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# How can i stop user input when an array is full?

 P: n/a I have an array with limit of 5 values. The code as writen allows the user to enter a 6th number before averaging the first five number. I want to stop the user from being able to enter that 6th number. thanks for any help. Code below: Expand|Select|Wrap|Line Numbers using System; public class SumNumbersArray {     public static void Main()     {         int [] arrayA=new int[5];           int number, count=0;         double sum=0.0, average;         String strNumber;             Console.Out.WriteLine("Enter a number (999 to quit): ");         strNumber=Console.ReadLine();         number=Convert.ToInt32(strNumber);               while(count<5 && number != 999)         {             arrayA[count]=number;             count++;               //loop thru asking for the next number until the while condition returns false             Console.Out.WriteLine("Enter a number (999 to quit): ");             strNumber=Console.ReadLine();             number=Convert.ToInt32(strNumber);         }           for(int i=0; i
6 Replies

 Expert 100+ P: 218 The problem is while(count<5 && number != 999). Within the while-loop you request/allow 5 inputs, but you do allow an input before the loop too, so it's 5+1. You should check after count++; if count < 5 before you allow input. Or you delete lines 13,14,15 (first input) and put lines 21 and 22 after line 27. This would mean you read values and assign to the array in one block, not like you do now, reading values and assign it the next loop-iteration. Oct 15 '10 #2

 Expert 100+ P: 1,501 Just to expand on Christian's post, I'll direct you to a do..while loop. This ensures the statements in your loop are executed at least once. http://msdn.microsoft.com/en-us/library/370s1zax.aspx Oct 15 '10 #3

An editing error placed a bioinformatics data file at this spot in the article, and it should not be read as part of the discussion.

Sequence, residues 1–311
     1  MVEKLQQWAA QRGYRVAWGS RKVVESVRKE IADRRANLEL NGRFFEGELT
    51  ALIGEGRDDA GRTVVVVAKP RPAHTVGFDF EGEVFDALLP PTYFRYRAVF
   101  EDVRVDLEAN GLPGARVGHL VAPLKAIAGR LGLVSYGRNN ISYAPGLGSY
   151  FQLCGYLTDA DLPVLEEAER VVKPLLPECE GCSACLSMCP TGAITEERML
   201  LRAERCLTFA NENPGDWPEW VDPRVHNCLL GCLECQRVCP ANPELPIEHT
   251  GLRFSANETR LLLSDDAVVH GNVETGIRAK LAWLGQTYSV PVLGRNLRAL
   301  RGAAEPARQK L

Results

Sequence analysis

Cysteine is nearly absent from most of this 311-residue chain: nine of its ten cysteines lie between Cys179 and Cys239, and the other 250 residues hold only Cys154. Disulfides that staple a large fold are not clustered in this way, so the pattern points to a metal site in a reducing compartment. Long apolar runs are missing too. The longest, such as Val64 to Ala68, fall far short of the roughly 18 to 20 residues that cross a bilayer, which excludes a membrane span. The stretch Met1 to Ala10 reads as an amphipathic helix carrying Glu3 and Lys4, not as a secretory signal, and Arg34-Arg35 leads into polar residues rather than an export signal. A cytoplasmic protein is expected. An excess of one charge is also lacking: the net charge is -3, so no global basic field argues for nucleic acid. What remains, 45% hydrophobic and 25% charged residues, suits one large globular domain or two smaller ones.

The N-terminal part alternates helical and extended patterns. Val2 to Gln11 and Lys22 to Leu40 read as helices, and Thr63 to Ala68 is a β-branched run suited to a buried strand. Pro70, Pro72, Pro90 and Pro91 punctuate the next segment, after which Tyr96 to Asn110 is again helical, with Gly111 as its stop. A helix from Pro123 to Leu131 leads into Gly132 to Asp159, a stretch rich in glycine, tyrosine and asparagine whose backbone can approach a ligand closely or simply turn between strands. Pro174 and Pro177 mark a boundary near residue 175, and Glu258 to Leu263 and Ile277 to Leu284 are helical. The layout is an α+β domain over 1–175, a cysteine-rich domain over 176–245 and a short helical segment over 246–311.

P: n/a Well - in response the Christian: that solution throws a compile error: (13,26): error CS0165: Use of unassigned local variable 'number' In response to Gary: I tried the do while as shown below and input accepted only two values before averaging: Expand|Select|Wrap|Line Numbers       do      {         arrayA[count]=number;                  count++;     }           while(count<5 && number != 999);          {                  //loop thru asking for the next number until the while condition returns false              Console.Out.WriteLine("Enter a number (999 to quit): ");              strNumber=Console.ReadLine();              number=Convert.ToInt32(strNumber);    However, in my original code if i change the while(count<5 to <4 that works. Oct 15 '10 #4

 Expert 100+ P: 1,501 Check your syntax, click the link and try to understand how it works :) What you've got there is a do-while loop that quickly spins count up to 5, then exits a loop. You then enter a new scope and do your output/conversion, then leave that scope. The syntax of a do..while loop is as follows: Expand|Select|Wrap|Line Numbers do {   // instructions } while (condition); Hopefully you can see where you went wrong. If you can't, let us know. Please note that while changing the test from 4 to 5 in your original code will indeed work, it's a good idea to learn and use proper programming practices. In your case, duplicating those lines before, and in your loop is generally accepted as a no-no :) As for what Christian said, if you're getting that error in your code check your scope. In your first post number is clearly defined (line 8) so if you're getting that error, you've either removed it or defined it farther down. Oct 15 '10 #5

 P: n/a oops! you are absolutely right - syntax! syntax! Here is the do-while code that works correctly and THANKS! Expand|Select|Wrap|Line Numbers using System;  public class SumNumbersArray  {      public static void Main()      {          int [] arrayA=new int[5];            int number, count=0;          double sum=0.0, average;          String strNumber;        do      {             Console.Out.WriteLine("Enter a number (999 to quit): ");          strNumber=Console.ReadLine();          number=Convert.ToInt32(strNumber);            arrayA[count]=number;                  count++;     }           while(count<5 && number != 999);          {            }            for(int i=0; i

 P: 21 Things are hard to see in that code. I never thought I would ever say this, but, in my opinion, you are using too much white space. The indentation is also a problem.It appears that the 'do' is directly below the '{' of the main function. At first I was wondering if the main function had ended somehow with no '}', but then I remembered what language this is. In my opinion, if you think about it, you could make finding problems visually a lot easier on yourself. Apr 7 '14 #7